The Role of Plant Growth-Promoting Bacteria in Crop Improvement
Deadline for manuscript submissions: 25 April 2024 | Viewed by 2248
Interests: legumes; rhizobia; PGPB; halophytes; microbiome; abiotic stress; phytoremediation
Due to climate change, the quality of the agricultural soils is decreasing, and some human activities make this situation worse. In this context, crops struggle to grow due to the presence of abiotic stresses such as salinity, organic and inorganic pollution, drought, and high temperatures, which interfere with their development, causing a loss of productivity. As the world population is increasing, it is important to promote crop growth, even in degraded soils with the presence of abiotic stress, to feed the population. To stop the reduction in agricultural areas due to human activities, it is necessary to change the way of promoting crop growth, replacing chemical fertilizers and pesticides with more ecofriendly tools.
In both of the cases discussed above, plant-growth-promoting bacteria (PGPB) are excellent candidates to improve crop development and productivity in order to promote their growth in degraded soils and alleviate plant stress. In addition, PGPB have plant-growth-promoting (PGP) properties, which help plants to uptake nutrients and protect against biotic stresses such as phytopathogens. For this reason, PGPB have the potential to be used as biofertilizers and biopesticides for crop improvement in any environment in sustainable agriculture.
Dr. Salvadora Navarro-Torre
Prof. Dr. Ignacio David Rodríguez-Llorente
Manuscript Submission Information
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- climate change
- abiotic stress
- biotic stress
The below list represents only planned manuscripts. Some of these manuscripts have not been received by the Editorial Office yet. Papers submitted to MDPI journals are subject to peer-review.
Title: Deciphering the plant-microbial- nanomaterials interaction and mitigating plant stress
Authors: Debasis Mitra
Affiliation: R/138, Microbiology, ICAR- National Rice Research Institute, 753006 Cuttack (Odisha) India
Abstract: In recent decades, the increasing incidences of abiotic and biotic stresses in plants have been a major cause of decrease in crop yield. Abiotic stress including solar radiation, extreme temperature variations, drought, soil salinity, flooding, and heavy metals, etc. have greatly impacted crop yield. Similarly, the biotic stress imposed on plants by several phytopathogens including viruses, bacteria, fungi, oomycetes, nematodes, and arthropods has become a threat to the growth and development of plants. Presently, these stresses have become an important topic of discussion in both basic and applied fields of botany, agriculture, ecology, and environmental studies. Plants have developed various mechanisms for coping with these stresses. Particularly the interaction or using of new engineered nanomaterials in agriculture that alleviating and resilience of stresses has been an important discovery on sustaining plant growth under stress conditions. Plant signaling coupled with stimulation of cellular responses by particles interaction has been an intricate component of stress management principles. Other side, these nanomaterials - microflora interact with the plant either as endophytes or epiphytes residing in the rhizosphere or phyllosphere. Interestingly, the development of multi-omics technologies and high-performance platforms integrating genomic, transcriptomics, proteomics, and metabolomics data have made several advancements in deciphering the plant-microbial- nanomaterials interaction and their role played in stress management. Further, the advancements in policy changes, delivery of technology, application of sensors, product formulations, nanofertilizers, genetic transformation and priming, etc. have become important areas of research for stress management of cropping plants on a global scale. In this review, an attempt has been made to shed light on the intricate stress abatement mechanisms delivered by bacteria in plants and available technologies mitigating stress responses, integrating which a holistic approach towards multiple stress management issues in plants could be developed for sustaining crop output.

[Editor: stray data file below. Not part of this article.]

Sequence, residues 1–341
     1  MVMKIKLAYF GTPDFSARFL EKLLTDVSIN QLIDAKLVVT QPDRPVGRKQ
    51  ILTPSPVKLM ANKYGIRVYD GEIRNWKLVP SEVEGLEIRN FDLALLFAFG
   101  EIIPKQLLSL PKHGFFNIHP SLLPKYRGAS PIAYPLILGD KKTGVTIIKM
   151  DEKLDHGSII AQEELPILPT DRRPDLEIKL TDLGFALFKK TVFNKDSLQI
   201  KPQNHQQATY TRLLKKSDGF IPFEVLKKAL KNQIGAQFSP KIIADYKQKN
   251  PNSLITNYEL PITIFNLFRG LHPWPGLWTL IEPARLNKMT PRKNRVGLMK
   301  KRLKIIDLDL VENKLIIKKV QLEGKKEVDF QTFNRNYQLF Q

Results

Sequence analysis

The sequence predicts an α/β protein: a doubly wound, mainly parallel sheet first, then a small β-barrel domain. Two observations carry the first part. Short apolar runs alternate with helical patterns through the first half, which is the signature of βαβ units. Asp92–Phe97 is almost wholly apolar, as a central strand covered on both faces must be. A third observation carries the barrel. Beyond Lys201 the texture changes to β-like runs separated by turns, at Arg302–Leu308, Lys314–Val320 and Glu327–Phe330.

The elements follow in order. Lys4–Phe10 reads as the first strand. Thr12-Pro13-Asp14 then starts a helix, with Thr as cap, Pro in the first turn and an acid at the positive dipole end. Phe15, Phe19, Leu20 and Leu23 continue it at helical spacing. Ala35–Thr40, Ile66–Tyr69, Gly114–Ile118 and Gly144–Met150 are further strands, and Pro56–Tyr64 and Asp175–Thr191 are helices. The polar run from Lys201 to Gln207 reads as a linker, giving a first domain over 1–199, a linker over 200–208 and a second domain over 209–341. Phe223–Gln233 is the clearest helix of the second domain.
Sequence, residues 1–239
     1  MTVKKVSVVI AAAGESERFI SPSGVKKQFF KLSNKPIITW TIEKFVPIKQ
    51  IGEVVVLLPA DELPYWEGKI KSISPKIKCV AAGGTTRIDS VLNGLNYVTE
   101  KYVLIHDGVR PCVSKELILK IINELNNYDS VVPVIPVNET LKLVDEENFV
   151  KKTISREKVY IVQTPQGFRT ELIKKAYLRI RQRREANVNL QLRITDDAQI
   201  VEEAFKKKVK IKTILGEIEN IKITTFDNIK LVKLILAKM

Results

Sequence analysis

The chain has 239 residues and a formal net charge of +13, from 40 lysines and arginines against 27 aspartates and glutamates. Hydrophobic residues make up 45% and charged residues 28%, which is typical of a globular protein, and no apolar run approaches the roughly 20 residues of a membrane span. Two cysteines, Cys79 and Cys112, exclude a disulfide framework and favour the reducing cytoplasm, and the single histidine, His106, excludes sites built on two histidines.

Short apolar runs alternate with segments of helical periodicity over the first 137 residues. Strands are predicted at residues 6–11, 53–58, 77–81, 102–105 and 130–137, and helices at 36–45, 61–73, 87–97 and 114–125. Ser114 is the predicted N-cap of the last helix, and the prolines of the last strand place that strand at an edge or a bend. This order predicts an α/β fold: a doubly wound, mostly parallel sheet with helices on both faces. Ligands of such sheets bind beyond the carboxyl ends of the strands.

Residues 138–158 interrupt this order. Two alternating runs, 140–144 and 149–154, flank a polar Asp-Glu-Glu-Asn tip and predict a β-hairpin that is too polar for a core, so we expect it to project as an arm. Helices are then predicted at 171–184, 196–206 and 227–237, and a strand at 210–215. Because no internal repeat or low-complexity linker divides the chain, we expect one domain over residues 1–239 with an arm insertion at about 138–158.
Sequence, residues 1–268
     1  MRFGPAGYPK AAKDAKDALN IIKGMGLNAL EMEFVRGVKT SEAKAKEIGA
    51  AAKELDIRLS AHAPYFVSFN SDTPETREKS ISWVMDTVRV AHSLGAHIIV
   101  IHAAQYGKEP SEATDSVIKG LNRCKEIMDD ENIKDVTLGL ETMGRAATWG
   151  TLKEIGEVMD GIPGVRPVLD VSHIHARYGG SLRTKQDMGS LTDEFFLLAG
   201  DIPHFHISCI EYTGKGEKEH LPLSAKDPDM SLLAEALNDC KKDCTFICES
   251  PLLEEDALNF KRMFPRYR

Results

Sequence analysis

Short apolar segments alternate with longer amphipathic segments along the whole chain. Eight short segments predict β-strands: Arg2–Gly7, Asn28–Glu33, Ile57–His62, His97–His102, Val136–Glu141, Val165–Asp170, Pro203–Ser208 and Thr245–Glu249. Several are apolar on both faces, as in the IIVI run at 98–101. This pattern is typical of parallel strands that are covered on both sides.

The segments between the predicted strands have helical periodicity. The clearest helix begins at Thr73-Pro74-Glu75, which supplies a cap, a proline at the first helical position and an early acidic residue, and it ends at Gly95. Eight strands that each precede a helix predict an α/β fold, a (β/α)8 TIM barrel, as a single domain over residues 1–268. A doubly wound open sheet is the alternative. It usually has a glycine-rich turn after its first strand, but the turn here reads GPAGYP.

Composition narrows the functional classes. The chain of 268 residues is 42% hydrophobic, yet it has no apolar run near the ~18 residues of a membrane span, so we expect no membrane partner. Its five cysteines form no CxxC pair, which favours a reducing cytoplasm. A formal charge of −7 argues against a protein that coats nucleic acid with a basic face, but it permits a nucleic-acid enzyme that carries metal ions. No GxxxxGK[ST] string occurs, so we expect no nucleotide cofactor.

Title: Effect of Plant Growth-promoting Rhizobacteria on soil properties, physiological and anatomical characters of wheat under water deficit stress correlated with improvement of yield characters
Authors: Khaled Abdelaal
Affiliation: Kafrelsheikh University, Kafr el-Sheikh, Egypt